Gen Z students consistently rank pragmatic issues like style and product quality over ethical concerns like environmental impact, according to new research.
The report by UNiDAYS examined the views of 17,500 verified students and found that in 11 of the 12 industries, ethical considerations did not place in the top three most important considerations.
Generation Z (Gen Z) is composed of those born between 1995 and 2010, which means that the oldest are about 24 and are just entering the workforce.
For example in Fashion, the results revealed that Gen Z students (those born 1995-2010) feel it is more important that brands produce ‘stylish’, ‘high quality’ clothes, with ‘great new ranges each season’, than that they behave ‘environmentally responsibly’ or in an ‘ethical’ way.
The report examined proprietary data gathered from a sample of 17,500 verified students: 3,000 across the United Kingdom and 14,500 in the United States.
It found that in Fashion, it is more important to Gen Z students that brands produce stylish, high quality clothes than that they are environmentally responsible or ethical.
While in Supermarkets, Gen Z students are more concerned with good quality produce and ease of shopping experience than environmental or ethical concerns.
Brand affinity drivers were assessed by having respondents rank in order of importance the things that mattered most to them, in each industry.
In Fashion for example, the results revealed that Gen Z students (those born 1995-2010) feel it is more important that brands produce ‘stylish’, ‘high quality’ clothes, with ‘great new ranges each season’, than that they behave ‘environmentally responsibly’ or in an ‘ethical’ way.
Similar trends emerge in the report across multiple industries, including Supermarkets, where Gen Z students ranked ‘good quality produce’ and ‘ease of shopping experience’ as more important affinity drivers than ‘environmentally responsible’ or ‘ethical’. In the Quick Service Industry considerations such as having ‘great service’, ‘friendly staff’ and ‘providing a place to go with friends’ were found to be the three most important affinity drivers for Gen Z students.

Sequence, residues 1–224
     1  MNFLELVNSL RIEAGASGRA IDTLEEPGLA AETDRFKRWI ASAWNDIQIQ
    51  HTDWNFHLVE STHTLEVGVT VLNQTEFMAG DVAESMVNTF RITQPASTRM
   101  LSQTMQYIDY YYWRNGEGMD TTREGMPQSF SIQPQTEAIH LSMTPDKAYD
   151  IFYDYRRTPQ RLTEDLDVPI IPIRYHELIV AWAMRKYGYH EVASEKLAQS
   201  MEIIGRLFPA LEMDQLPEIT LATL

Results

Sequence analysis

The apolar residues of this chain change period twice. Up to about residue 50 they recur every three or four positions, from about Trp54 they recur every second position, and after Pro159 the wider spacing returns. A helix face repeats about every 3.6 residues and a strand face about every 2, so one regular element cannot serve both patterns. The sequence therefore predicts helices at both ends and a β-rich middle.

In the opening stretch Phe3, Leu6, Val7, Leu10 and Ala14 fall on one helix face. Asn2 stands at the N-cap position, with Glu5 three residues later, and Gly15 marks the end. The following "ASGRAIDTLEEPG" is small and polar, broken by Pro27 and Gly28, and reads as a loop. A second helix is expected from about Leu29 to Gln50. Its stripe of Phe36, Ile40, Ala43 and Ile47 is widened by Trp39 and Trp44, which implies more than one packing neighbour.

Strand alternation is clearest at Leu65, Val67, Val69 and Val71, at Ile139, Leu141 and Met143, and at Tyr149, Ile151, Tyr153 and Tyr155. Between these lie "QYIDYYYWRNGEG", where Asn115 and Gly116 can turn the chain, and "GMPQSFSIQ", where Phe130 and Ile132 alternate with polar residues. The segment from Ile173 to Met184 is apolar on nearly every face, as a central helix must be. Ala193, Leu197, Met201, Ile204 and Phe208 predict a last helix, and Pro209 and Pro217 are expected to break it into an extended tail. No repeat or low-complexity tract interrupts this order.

In addition to assessing what drives affinity within industries, the report also calculated how much affinity Gen Z students hold towards hundreds of brands, with some surprising results. For example, within the Banking industry, popular ‘challenger’ brands such as Monzo scored lower for affinity with these tech-native Gen Z students than Barclays, which topped the affinity table within the Banking industry.
Alex Gallagher, UNiDAYS Chief Strategy Officer said: “There are a huge range of factors that drive the way students feel about brands. While it’s revealing to see Gen Z’s stereotype doesn’t necessarily stack up, it’s important to note that ethical concerns are still important to this generation. Indeed, ethical concerns ranked in the top ten affinity drivers across all 12 industries UNiDAYS’ examined.”
“What the UNiDAYS AFFDEX shows is that Gen Z students, like all generations before them, are complicated consumers. Consumers entering the workforce and increasing their buying power each day. The companies looking to succeed, not just in the here and now, but in the future, will need to learn to treat them as more than a stereotype.”